Edwin A. Harvego; Michael G. McKellar

2011-05-01T23:59:59.000Z

99

R E V I E W Liana Impacts on Carbon Cycling, Storage and Sequestration in Tropical Forests  

E-Print Network [OSTI]

R E V I E W Liana Impacts on Carbon Cycling, Storage and Sequestration in Tropical Forests Geertje for carbon storage and sequestration. Lianas reduce tree growth, survival, and leaf productivity; however liana carbon stocks are unlikely to compensate for liana-induced losses in net carbon sequestration

Schnitzer, Stefan

100

Wetlands, Microbes, and the Carbon Cycle: Behind the Scenes @ Berkeley Lab  

ScienceCinema (OSTI)

Susannah Tringe, who leads the Metagenome Program at the Department of Energy's Joint Genome Institute (JGI), a collaboration in which Berkeley Lab plays a leading role, takes us behind the scenes to show how DNA from unknown wild microbes is extracted and analyzed to see what role they play in the carbon cycle. Tringe collects samples of microbial communities living in the wetland muck of the Sacramento-San Joaquin River Delta, organisms that can determine how these wetlands store or release carbon.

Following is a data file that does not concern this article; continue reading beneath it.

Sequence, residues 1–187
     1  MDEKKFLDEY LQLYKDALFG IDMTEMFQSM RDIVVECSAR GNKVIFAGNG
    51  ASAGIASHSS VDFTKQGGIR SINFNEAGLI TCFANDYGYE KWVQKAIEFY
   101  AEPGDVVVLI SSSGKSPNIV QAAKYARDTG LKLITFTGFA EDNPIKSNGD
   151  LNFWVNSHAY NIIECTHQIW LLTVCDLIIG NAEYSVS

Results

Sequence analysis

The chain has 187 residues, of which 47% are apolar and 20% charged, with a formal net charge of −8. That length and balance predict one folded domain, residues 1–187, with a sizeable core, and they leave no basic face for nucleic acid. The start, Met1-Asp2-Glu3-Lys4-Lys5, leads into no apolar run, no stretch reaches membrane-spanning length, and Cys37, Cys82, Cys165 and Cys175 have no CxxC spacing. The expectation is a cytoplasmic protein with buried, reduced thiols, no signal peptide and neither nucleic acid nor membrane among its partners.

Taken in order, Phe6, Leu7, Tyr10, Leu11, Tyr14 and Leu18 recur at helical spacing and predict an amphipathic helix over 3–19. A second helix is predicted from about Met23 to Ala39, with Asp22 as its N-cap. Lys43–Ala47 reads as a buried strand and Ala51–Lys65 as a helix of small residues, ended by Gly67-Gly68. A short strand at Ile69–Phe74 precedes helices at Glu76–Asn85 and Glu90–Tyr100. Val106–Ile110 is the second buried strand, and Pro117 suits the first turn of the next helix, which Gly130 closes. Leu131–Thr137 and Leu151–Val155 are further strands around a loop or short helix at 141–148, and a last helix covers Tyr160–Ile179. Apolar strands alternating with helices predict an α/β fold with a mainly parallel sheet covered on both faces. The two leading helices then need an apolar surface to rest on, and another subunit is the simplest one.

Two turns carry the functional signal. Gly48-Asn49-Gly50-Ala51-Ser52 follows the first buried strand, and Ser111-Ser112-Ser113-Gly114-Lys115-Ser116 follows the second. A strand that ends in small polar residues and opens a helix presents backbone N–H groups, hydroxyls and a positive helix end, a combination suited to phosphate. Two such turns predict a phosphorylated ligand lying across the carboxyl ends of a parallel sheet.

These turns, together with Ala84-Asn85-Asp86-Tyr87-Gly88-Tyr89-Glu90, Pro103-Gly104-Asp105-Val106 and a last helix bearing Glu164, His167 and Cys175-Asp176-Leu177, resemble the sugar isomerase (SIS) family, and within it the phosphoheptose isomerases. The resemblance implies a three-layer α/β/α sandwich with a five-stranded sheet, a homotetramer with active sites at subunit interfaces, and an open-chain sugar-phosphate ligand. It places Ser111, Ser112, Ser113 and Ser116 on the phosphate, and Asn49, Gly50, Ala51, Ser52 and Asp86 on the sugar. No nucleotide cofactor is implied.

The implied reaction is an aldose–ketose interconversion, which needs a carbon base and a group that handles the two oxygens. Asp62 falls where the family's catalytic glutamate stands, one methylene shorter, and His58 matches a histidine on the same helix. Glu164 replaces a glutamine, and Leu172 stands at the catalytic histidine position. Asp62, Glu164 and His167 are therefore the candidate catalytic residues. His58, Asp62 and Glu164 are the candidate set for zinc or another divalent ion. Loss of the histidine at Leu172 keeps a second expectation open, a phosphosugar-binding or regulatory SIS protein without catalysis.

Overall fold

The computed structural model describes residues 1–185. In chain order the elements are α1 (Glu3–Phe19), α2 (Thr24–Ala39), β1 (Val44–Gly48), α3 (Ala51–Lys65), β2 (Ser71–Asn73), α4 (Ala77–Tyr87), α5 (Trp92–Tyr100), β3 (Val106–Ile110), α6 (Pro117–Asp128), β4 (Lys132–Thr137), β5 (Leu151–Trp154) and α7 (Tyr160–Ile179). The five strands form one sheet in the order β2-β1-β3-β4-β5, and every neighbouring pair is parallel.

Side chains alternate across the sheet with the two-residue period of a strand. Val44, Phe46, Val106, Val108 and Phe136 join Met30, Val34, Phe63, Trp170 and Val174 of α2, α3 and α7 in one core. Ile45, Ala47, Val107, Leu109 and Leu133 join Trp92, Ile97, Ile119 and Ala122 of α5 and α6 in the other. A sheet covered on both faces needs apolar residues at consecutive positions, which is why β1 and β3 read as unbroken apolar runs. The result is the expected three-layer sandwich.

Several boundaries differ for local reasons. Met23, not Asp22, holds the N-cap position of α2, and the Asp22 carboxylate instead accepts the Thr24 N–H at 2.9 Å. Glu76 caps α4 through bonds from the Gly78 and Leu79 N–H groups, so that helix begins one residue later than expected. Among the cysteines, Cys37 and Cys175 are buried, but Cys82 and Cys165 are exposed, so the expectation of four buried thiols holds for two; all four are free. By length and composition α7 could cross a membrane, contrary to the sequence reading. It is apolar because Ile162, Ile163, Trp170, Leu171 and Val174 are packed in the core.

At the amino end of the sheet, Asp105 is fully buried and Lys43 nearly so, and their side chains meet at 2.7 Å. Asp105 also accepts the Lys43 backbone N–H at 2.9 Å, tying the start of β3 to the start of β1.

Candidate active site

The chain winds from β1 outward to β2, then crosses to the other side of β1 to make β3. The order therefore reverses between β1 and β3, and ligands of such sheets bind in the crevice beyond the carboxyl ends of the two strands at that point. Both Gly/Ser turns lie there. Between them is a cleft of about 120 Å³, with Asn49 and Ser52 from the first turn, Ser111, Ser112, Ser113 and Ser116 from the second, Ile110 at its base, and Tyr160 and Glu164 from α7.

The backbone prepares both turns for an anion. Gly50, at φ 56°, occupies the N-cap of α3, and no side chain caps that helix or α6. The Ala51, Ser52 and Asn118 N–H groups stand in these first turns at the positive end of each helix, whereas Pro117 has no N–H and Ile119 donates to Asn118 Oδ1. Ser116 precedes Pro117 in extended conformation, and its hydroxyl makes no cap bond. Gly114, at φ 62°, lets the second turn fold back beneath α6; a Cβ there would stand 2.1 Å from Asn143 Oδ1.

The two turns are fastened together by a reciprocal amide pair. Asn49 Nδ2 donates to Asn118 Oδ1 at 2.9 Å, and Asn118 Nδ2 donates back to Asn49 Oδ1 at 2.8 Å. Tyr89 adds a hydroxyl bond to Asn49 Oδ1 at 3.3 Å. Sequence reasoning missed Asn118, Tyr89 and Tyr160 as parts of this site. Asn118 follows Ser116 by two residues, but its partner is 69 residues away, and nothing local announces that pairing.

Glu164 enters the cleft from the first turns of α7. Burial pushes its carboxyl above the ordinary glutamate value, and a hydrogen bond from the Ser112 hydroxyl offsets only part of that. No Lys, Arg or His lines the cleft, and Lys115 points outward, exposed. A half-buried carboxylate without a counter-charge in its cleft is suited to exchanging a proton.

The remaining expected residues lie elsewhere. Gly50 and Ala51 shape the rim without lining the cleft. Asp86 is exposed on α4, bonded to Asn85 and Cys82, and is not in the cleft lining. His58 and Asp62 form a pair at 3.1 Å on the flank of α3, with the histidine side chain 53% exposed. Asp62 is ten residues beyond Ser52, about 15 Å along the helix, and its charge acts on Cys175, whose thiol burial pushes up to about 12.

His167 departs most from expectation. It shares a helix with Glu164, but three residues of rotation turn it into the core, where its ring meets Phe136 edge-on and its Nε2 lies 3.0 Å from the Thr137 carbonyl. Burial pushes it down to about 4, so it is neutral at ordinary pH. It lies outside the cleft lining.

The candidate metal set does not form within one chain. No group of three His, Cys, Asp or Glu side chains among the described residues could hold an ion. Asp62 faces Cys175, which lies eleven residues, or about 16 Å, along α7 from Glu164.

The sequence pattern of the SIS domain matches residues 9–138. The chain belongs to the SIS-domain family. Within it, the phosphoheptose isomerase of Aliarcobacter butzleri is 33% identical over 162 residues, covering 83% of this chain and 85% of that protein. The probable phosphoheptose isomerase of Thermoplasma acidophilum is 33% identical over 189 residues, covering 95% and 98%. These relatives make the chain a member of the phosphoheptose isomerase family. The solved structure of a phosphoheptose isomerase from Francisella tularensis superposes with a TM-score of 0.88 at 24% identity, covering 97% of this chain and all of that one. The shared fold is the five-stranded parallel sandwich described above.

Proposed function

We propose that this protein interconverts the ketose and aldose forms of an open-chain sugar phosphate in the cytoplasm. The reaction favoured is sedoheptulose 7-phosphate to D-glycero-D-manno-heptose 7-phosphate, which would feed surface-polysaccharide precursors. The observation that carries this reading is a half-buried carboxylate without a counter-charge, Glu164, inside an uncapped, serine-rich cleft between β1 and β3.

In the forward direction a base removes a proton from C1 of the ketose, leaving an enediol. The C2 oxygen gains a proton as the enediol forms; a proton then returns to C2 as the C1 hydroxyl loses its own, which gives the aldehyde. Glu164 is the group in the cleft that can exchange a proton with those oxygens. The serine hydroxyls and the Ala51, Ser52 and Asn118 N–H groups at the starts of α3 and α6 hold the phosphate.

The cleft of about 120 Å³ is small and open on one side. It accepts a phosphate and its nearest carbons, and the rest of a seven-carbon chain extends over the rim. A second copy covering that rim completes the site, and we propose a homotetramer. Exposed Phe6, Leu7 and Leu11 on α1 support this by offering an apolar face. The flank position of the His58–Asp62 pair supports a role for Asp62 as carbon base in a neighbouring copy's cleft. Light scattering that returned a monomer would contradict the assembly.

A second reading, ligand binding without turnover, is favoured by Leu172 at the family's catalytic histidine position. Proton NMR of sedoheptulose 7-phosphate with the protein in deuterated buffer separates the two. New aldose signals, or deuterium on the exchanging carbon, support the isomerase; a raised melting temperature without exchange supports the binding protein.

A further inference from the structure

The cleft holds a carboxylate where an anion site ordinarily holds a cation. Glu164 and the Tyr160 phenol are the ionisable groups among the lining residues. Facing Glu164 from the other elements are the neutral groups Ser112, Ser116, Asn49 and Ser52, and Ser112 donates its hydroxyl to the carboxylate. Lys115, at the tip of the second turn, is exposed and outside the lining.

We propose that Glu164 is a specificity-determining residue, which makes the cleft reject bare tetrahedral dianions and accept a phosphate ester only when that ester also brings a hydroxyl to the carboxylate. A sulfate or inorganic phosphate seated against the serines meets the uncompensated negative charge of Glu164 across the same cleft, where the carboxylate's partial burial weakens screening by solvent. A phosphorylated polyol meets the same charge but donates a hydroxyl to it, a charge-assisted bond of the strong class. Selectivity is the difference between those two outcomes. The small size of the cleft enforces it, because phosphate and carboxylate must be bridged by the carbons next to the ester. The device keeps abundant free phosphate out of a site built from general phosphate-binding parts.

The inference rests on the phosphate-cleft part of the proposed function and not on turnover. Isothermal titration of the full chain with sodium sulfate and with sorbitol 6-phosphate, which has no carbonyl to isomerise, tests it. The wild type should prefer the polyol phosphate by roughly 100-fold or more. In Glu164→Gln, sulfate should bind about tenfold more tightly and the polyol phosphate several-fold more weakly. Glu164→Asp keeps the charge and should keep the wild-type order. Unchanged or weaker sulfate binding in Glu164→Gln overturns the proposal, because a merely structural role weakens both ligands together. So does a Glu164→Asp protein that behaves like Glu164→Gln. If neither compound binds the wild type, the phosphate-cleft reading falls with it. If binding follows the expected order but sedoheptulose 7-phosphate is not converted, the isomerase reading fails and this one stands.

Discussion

Tringe, Susannah

2013-05-29T23:59:59.000Z

Note: This page contains sample records for the topic "future carbon cycle" from the National Library of EnergyBeta (NLEBeta).
While these samples are representative of the content of NLEBeta,
they are not comprehensive nor are they the most current set.
We encourage you to perform a real-time search of NLEBeta
to obtain the most current and comprehensive results.


101